The decline in manufacturing employment is often seen as a major reason for rising inequality, social tensions, and the slump of entire communities. With the rise of national populists and protectionists in recent years, the issue has become even more prominent.
More can be done to capture the untapped trade and investment opportunities that exist between China and the EU. China’s size and dynamism, and its recent shift from an export-led to a domestic demand-led growth model, mean that these opportunities are likely to grow with time.
This event looked at how the rise of China is affecting global value chains.
Guntram Wolff is joined by Alan Beattie, the author of the FT's new Trade Secrets newsletter, and by Andre Sapir, Bruegel's very own trade expert to discuss President Trump's tariffs and whether or not they're working
The economy is in worse shape than in 2015 and policies to boost growth are not as effective as they once were
The European Union’s relationship with Russia is strained, but the two economies are nevertheless highly intertwined. A huge share of Russia’s exports go to the EU, while in the early 2000s, EU countries supplied more than half of Russia’s imports. The EU is also a major investor in, and lender to, Russia.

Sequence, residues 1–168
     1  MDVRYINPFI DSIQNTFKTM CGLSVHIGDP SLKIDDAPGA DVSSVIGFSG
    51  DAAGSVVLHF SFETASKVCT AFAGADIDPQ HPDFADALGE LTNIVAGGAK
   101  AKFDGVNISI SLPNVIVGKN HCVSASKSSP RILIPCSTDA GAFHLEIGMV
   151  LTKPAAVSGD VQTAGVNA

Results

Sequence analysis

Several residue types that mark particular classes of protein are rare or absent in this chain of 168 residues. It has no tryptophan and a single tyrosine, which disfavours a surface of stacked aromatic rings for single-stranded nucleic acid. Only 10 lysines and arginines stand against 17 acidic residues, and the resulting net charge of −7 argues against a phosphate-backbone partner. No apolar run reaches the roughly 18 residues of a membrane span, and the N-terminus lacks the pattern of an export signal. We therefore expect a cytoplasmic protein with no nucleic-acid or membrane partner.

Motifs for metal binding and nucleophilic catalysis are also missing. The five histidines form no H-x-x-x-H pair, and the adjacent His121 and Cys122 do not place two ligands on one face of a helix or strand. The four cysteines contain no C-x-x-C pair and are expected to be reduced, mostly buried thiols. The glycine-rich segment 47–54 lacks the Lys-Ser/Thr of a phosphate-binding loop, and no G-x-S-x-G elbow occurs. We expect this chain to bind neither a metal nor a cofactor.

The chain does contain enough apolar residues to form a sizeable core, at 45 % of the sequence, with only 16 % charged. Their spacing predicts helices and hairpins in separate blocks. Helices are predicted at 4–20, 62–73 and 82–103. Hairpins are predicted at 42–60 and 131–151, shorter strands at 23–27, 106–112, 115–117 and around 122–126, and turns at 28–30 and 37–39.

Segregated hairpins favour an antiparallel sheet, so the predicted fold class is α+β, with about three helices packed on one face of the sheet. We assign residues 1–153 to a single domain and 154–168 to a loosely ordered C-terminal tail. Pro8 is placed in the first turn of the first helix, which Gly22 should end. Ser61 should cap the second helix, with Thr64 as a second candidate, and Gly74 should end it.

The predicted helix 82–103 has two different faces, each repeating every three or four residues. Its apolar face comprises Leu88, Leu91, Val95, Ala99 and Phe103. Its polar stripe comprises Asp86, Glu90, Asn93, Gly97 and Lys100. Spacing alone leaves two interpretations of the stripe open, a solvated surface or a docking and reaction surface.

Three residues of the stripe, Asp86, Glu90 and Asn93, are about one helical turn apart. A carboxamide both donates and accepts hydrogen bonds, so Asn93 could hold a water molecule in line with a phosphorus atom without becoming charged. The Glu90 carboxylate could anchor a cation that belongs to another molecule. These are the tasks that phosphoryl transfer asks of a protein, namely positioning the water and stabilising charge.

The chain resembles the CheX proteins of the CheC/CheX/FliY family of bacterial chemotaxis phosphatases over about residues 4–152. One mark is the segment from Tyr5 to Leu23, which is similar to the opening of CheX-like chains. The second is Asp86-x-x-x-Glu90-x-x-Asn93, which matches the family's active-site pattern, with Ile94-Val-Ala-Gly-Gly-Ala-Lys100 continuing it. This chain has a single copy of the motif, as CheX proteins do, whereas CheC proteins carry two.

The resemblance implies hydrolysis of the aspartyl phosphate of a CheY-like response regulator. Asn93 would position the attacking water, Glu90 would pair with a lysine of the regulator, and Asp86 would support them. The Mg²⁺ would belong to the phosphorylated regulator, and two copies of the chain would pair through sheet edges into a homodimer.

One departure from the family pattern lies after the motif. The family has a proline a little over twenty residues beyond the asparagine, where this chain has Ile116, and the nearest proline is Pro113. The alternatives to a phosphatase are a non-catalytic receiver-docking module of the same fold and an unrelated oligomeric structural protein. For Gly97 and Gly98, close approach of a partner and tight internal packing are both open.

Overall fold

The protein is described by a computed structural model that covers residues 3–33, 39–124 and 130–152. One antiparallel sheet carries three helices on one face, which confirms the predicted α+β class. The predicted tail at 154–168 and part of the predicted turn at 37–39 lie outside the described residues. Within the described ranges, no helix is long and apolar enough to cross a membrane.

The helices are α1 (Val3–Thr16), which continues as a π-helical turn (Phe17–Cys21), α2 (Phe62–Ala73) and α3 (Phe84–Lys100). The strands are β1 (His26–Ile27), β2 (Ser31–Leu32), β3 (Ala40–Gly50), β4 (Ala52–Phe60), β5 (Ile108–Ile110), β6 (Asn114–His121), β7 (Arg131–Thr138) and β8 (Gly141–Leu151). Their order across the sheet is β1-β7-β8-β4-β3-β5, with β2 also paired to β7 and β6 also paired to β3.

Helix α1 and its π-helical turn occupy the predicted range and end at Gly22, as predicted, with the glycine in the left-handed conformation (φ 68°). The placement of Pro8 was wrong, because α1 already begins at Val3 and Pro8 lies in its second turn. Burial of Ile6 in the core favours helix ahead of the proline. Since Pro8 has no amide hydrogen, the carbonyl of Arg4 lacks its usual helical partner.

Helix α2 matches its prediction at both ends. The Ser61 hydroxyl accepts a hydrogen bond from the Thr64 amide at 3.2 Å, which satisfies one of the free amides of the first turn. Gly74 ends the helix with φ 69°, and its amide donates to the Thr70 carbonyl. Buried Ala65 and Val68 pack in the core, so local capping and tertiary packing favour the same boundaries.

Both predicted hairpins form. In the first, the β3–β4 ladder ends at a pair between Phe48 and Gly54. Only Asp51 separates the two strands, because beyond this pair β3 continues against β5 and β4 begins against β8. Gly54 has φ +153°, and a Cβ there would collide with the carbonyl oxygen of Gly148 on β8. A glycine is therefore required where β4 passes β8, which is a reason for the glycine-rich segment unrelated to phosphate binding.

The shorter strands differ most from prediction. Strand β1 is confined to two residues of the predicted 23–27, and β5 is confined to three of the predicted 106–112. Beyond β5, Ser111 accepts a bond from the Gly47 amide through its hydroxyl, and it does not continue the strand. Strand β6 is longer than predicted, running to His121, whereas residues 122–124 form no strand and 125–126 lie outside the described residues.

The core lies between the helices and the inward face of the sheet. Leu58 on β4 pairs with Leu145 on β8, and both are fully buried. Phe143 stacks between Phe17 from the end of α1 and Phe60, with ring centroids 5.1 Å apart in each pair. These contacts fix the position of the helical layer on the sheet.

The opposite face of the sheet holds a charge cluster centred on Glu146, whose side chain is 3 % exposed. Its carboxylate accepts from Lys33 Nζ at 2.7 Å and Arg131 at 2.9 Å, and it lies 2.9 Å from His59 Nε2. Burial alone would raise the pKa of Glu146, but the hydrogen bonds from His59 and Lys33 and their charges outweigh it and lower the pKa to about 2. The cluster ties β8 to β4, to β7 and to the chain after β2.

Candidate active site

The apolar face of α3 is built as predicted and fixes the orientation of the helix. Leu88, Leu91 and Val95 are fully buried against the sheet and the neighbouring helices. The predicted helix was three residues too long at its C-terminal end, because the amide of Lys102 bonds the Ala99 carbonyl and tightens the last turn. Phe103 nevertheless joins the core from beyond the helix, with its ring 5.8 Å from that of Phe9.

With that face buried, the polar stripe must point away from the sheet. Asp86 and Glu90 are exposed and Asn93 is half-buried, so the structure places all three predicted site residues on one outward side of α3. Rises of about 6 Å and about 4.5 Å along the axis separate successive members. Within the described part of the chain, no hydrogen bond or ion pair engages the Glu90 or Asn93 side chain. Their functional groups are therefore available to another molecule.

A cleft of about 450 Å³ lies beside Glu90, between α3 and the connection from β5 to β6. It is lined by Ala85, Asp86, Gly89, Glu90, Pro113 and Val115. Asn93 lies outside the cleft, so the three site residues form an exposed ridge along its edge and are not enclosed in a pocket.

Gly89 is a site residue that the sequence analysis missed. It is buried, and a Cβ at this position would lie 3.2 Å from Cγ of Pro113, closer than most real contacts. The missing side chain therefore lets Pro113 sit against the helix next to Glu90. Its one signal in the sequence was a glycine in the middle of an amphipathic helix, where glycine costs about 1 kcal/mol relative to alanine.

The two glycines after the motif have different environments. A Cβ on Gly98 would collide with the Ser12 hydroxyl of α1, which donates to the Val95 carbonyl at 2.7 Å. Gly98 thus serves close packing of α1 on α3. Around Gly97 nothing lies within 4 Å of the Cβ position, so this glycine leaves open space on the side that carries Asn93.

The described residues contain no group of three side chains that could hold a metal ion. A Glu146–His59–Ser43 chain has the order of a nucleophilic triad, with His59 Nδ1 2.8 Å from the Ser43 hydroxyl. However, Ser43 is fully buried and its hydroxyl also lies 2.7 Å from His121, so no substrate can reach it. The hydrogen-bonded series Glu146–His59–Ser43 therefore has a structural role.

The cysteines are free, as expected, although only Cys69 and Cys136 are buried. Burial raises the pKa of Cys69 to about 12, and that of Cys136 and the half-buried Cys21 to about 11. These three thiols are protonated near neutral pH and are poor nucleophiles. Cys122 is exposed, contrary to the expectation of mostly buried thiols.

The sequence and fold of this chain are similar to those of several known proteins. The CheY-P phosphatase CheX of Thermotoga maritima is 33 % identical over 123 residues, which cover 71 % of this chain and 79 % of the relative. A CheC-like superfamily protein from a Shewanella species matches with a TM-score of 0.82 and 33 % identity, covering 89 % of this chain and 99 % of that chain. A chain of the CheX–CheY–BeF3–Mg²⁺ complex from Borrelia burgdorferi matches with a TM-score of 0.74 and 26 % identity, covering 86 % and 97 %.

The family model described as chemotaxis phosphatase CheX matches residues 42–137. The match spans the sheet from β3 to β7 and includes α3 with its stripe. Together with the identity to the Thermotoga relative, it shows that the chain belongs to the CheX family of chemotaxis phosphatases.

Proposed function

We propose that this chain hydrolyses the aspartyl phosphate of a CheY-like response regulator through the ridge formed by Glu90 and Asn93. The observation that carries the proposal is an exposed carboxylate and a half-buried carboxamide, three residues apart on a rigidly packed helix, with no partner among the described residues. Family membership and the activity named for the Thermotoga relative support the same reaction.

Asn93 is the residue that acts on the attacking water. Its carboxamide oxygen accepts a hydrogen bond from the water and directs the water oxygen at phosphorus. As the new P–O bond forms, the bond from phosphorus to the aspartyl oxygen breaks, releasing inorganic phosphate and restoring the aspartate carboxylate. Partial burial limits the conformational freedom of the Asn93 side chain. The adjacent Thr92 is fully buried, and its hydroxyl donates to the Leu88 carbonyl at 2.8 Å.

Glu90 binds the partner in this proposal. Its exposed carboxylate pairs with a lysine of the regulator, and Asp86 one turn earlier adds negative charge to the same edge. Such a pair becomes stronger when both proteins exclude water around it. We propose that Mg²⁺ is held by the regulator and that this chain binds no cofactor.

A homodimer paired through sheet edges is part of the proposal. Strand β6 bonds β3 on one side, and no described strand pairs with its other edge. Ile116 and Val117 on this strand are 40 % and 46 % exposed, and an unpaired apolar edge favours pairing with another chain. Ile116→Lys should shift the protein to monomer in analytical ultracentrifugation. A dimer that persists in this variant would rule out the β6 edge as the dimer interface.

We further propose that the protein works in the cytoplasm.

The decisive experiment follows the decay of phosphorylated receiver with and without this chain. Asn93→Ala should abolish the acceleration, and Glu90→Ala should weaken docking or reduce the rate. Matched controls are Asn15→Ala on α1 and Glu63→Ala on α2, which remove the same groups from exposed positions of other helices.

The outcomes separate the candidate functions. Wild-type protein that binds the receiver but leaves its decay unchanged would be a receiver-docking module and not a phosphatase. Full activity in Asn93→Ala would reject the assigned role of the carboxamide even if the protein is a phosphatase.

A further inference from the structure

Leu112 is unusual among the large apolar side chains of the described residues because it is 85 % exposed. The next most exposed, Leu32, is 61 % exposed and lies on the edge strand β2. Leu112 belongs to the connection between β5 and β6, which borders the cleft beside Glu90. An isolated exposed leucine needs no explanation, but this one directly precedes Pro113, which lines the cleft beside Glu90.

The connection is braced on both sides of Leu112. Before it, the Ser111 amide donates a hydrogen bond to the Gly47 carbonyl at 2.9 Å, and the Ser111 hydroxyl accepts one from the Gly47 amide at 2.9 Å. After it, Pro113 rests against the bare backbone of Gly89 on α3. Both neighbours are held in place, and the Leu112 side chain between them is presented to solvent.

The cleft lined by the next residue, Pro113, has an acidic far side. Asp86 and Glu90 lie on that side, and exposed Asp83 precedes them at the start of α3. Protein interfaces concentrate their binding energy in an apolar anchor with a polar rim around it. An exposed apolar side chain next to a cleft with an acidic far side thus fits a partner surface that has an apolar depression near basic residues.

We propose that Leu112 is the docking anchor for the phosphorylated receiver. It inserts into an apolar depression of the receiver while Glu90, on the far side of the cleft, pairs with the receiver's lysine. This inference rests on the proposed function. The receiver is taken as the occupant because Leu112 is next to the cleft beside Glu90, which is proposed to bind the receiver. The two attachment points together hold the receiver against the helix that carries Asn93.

Why did such a sharp and steady slowdown occur against a background of loose monetary policy, supportive fiscal policy, low inflation and absence of evident large imbalances? As argued in the IMF’s World Economic Outlook report issued last week, the evidence points to uncertainty over trade tensions as a major contributor.
Details of the US-Japan mini-trade deal are lacking but the agreements’ direct impact on the US and Japanese economies is likely to be minuscule. The deal seems to have been made to compensate American farmers – a crucial electoral base of the President – for their losses from the trade war with China.
Simone Tagliapietra's latest opinion on the Financial Times, on the role of Middle East as cornerstones of global energy
The EU-Mercosur has been 20 years in the making, but a hostile trading environment, unpredictable government and growing environmental concerns are putting it in peril. Is the deal worth fighting for and can it be saved? And could it become a casualty Brazil's forest fires?
At the presentation of her team for the next European Commission, President-elect Ursula von der Leyen declared that hers will be a ‘geopolitical Commission’. It is no surprise, therefore, that her mission letter to Mr Hogan, the incoming Commissioner-designate for Trade, assigns two roles to European Union trade policy.
After nearly 20 years of on-off negotiations, the European Union and Mercosur – a customs union covering Argentina, Brazil, Paraguay and Uruguay – in June 2019 reached a political agreement on a trade deal. But to derive the full benefits from the EU-Mercosur agreement, major reforms will be needed.